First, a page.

On November 26 1992, a Paris Catholic group called Avenir de la Culture (The Future Of Culture) filed 2 lawsuits against Madonna and her publisher for corrupting the French youth with pornography and to have all copies of the SEX book destroyed.
The lawyer representing the group had this to say about SEX:
“The book is part of a destructive trend which shocks the morals of young people.”
On November 21 1992, Madonna’s SEX book was banned in Ireland (a month after it went on sale). The Censorship Board decided that any future shipments of the book should not be sold. Booksellers and fans voiced their opposition, but an appeal of the decision never occurred. Additional copies of the book were never made available, making the ban a silly waste of time.
On October 23 1992, one day after Madonna’s Sex book was released, it was confirmed that in Europe more than 100,000 copies had been sold, another 100,000 in England, 25,000 in France and the book was completely sold-out in Australia, not to mention North America where sales were topping 150,000 after a single day.
On April 20 1992, Madonna signed a deal with Time Warner to set up her own multimedia entertainment company called Maverick.
The 7-year arrangement (with an option to extend to 11 years) allowed Madonna to run Maverick with her then long-time manager, Freddy DeMann, and have its headquarters based in Los Angeles.
Madonna was advanced as much as $60 million for the deal that included music publishing, television, film, merchandising and book-publishing.
David Geffen said this of the deal:
“Madonna’s deal is certainly extraordinary, but I think she’s a great talent with a great will, and if she wants to do something she’ll do it. She works very hard, takes big risks and stays at the cutting edge of what’s happening.”
Charles Koppelman, the chief operating officer of EMI Records North America, had this to day:
“If anyone is going to get a deal of this magnitude, she is the kind of artist to give it to, she’s the exception: someone who taps into artists and musical genres before the rest of the world does. In other deals where artists get their own labels, such perks are usually window dressing to satisfy their egos. Madonna’s different. I would bet on her to make something more of it.”
The first two projects released under Maverick included Madonna’s own Erotica album and her coffee table SEX book, in October of 1992.
On November 1 1992, Madonna’s Sex book hit #1 on the Washington Post non-fiction bestseller list.
Here’s a snippet of Zoe Heller’s article on the Sex book in The Independent:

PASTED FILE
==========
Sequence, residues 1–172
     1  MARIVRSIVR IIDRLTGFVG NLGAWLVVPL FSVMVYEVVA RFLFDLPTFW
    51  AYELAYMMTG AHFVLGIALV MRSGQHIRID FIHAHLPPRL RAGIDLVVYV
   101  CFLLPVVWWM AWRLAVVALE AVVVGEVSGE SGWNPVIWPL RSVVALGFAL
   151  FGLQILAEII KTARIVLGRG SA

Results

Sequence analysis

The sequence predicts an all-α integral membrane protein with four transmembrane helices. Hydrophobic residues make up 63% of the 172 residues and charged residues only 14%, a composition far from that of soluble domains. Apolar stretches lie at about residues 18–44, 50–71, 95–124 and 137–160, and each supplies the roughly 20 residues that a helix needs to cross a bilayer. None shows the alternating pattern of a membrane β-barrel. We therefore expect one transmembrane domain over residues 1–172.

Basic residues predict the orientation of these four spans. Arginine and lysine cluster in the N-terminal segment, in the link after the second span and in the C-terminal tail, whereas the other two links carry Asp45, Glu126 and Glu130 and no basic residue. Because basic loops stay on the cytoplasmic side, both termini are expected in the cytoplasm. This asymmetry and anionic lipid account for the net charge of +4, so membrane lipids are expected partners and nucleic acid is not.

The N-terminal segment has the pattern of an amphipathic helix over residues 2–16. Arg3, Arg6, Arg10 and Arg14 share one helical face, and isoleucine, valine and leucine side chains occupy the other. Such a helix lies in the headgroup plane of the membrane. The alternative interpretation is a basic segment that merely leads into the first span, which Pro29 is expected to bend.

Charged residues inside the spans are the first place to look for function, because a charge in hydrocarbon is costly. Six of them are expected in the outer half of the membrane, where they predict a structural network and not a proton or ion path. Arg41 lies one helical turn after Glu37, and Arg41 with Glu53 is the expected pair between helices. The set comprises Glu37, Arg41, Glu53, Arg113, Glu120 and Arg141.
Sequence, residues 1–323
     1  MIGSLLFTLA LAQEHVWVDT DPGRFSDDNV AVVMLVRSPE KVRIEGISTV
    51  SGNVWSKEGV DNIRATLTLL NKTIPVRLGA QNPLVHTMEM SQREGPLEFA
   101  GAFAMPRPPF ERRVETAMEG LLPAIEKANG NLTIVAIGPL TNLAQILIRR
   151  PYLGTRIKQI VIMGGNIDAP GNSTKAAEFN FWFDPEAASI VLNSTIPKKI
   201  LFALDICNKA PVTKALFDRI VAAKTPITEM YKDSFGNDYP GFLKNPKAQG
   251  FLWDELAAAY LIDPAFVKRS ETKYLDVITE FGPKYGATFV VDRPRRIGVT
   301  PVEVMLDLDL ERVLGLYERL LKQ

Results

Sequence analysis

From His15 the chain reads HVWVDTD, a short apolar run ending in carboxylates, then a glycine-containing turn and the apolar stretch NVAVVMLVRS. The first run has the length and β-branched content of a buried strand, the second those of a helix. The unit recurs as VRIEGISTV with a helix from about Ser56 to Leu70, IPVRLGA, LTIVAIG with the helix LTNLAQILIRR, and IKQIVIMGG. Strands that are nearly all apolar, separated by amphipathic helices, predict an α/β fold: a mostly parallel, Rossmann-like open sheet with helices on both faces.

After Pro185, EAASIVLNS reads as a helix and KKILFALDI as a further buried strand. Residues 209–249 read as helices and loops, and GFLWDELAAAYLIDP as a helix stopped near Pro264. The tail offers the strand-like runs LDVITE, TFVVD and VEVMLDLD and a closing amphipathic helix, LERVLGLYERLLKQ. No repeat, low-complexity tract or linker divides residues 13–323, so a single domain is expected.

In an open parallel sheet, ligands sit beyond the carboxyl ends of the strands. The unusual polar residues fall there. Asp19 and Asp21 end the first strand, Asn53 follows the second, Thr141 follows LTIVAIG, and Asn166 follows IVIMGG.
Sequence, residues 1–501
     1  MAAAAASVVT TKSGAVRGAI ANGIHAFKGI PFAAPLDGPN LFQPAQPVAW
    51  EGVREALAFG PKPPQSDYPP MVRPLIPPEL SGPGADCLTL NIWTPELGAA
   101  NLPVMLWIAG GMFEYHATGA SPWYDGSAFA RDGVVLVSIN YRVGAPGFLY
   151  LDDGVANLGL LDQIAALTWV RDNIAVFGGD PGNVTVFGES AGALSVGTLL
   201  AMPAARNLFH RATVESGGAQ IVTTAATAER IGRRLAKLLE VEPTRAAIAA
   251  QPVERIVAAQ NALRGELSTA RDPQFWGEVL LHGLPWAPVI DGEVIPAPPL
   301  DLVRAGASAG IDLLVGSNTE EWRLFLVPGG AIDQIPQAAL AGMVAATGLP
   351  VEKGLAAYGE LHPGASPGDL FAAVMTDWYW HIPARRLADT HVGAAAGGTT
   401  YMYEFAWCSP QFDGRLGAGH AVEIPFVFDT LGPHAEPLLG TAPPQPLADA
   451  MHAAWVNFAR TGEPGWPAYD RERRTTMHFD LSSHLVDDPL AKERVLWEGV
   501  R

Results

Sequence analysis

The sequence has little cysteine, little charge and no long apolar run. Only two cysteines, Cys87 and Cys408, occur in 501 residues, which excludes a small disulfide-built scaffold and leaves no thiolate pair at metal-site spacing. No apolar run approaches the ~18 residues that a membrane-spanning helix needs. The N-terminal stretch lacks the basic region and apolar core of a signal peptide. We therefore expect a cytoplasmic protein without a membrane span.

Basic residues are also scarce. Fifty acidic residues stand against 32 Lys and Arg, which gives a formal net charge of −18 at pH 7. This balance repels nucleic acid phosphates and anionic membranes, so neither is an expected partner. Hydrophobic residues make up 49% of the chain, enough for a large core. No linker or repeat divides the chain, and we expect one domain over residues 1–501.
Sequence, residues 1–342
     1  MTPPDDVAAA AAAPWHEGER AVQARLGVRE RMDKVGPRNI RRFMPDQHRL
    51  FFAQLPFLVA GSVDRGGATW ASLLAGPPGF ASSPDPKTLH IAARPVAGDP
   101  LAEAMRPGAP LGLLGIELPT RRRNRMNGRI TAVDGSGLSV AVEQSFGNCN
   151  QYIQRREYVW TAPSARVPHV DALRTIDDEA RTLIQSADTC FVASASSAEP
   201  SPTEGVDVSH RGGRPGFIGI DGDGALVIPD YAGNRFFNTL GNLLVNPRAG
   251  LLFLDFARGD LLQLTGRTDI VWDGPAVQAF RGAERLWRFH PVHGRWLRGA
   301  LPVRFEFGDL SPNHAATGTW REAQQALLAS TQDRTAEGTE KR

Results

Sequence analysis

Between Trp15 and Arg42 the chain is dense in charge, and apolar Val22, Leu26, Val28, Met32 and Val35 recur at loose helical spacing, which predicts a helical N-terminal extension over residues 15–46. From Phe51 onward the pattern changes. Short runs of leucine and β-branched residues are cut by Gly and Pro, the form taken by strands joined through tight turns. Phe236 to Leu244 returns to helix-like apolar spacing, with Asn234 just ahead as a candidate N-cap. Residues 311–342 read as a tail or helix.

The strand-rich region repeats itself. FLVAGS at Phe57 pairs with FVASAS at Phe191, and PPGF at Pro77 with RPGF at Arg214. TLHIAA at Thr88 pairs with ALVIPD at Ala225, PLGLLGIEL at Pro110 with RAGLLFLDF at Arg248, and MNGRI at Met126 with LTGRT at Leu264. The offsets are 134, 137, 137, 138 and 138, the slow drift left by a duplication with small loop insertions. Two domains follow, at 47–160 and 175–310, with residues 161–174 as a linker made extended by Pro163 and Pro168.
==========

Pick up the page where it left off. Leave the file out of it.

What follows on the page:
It starts out black and white, S & M, down and dirty. In various urban crypts and dungeons, we see Madonna bound up by multi-pierced lesbians (they point knives at her throat and crotch); Madonna biting at a male arsehole; Madonna whipping a large PVC-clad woman. There is Madonna as Weimar-style decadent, cavorting with gay strippers, and as cutie schoolgirl, being raped by skinheads in a school gym. You get the picture.
As Sex proceeds, colour photography is introduced – a washed-out, Fifties sort of pastel – and Madonna emerges from subterranea to expose herself on roadsides and in pizza parlours. Interspersed throughout are scraps of Madonna-think: a tribute to her vagina (‘It smells like a baby to me, fresh and full of life’), a horrifyingly cutesy account of masturbating for the first time (‘honey poured from my 14-year-old gash and I wept’). You get the prose.
On October 30 1992, the public libraries in Mesa, Arizona, cancelled their orders for Madonna’s Sex book after local residents protested its purchase.
Here’s a snippet from Vicki Goldberg’s New York Times article on the book:
Madonna’s new book, as even your butcher knows by now, is simply, classically titled Sex. It comes sealed in a Mylar bag (much as condoms do) with a label reading “Warning! Adults Only!” and a price tag of $49.95. Reportedly she does not want it open in bookstores, but HMV Records at Lexington and 86th Street will let anyone who gives a donation to Lifebeat AIDS see one page, for one minute, in a mock confession booth.
Warner Books, a Time Warner company, is the publisher (Ice-T must not have been enough trouble for one year). A million copies went on sale in five countries and five languages on Wednesday, attended by a good deal of deliberately decadent hoopla. The profit on the first printing could reach $26 million. Any questions?
On October 26 1992, Madonna’s SEX book was banned in Japan due to its controversial photos which violated the country’s censorship laws.
Here is Madonna’s perspective on pornography:
I don’t see how a guy looking at a naked girl in a magazine is degrading to women. Everyone has their sexuality. It’s how you treat people in everyday life that counts, not what turns you on in your fantasy. If all a person ever did was get off on porno movies I would say they are probably dysfunctional sexually, but I don’t think it’s unhealthy to be interested in that or get off on that. I’m not interested in porno movies because everybody is ugly and faking it and it’s just silly. They make me laugh, they don’t turn me on. A movie like In the Realm of the Senses turns me on because it’s real. I’ve been told there are some good Traci Lords movies but I’ve never seen them. I wouldn’t want to watch a snuff movie. I wouldn’t want to watch anyone get really hurt, male or female. But generally I don’t think pornography degrades women. The women who are doing it want to do it. No one is holding a gun to their head. I don’t get that whole thing. I love looking at Playboy magazine because women look great naked.